This has been, and is, our current and main level of understanding, thinking, application, and deployment of smart tech, CC, and AI in the legal industry. And yet, a search for ‘AI in law’produces 105,000 results in just the news section alone of Google’s vast index. From the web as a whole, 25,900,000 results can be found, meaning there is appetite, curiosity, and interest in searching for how AI and the robots may be of use in the legal ecosystem more widely.

These technologies could, to some extent, be used in every aspect of legal service provision, not just the mundane ‘everyday’ basic legal matters of ‘doing’ but also the more lucrative area of ‘thinking’ and ‘advisory’. 

Racehorse thinking

Law firms have, since the start of this year, only just begun to think of using artificial intelligence (AI) technologies as a racehorse, and not a carthorse, and have started to implement in their racehorse thinking and advisory elements unique to cognitive thinking and a human mind. Global players Taylor Wessing and Norton Rose Fulbright have each independently collaborated with software and AI developer Neota Logic in creating apps, named TW: navigate PSC App and ContractorCheckrespectively.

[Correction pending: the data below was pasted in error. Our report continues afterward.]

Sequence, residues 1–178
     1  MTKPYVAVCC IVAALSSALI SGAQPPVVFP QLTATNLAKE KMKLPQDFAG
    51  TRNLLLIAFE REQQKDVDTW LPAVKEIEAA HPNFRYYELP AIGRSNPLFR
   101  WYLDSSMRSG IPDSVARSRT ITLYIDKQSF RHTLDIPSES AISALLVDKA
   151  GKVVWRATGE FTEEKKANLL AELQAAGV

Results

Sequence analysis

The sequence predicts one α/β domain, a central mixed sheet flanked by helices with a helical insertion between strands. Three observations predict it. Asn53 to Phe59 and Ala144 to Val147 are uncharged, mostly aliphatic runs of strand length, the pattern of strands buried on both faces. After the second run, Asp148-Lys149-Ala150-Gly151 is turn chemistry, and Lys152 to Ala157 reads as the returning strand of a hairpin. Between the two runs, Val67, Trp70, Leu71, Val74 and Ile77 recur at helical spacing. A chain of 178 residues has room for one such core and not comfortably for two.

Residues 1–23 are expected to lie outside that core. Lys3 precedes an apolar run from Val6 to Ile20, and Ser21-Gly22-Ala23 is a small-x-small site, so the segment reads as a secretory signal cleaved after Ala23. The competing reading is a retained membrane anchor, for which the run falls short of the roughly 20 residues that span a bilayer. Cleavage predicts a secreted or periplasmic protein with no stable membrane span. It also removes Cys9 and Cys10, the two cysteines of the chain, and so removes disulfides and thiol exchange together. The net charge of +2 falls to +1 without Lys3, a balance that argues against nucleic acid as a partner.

Taylor Wessing’s app, introduced in April of this year, acts as a guide and adviser with respect to the recent changes to the Companies Act, where there is now a requirement for companies to identify and name persons of significant control in their returns to Companies House. Norton Rose Fulbright describes its app, introduced in late 2015/early 2016, as ‘an innovative tool designed to help organisations accurately characterise their people to manage risk, so that contracts truly reflect an individual’s contractor or employee status. This smart identification tool has been tailored to apply the key characterisation indicators across multiple jurisdictions.’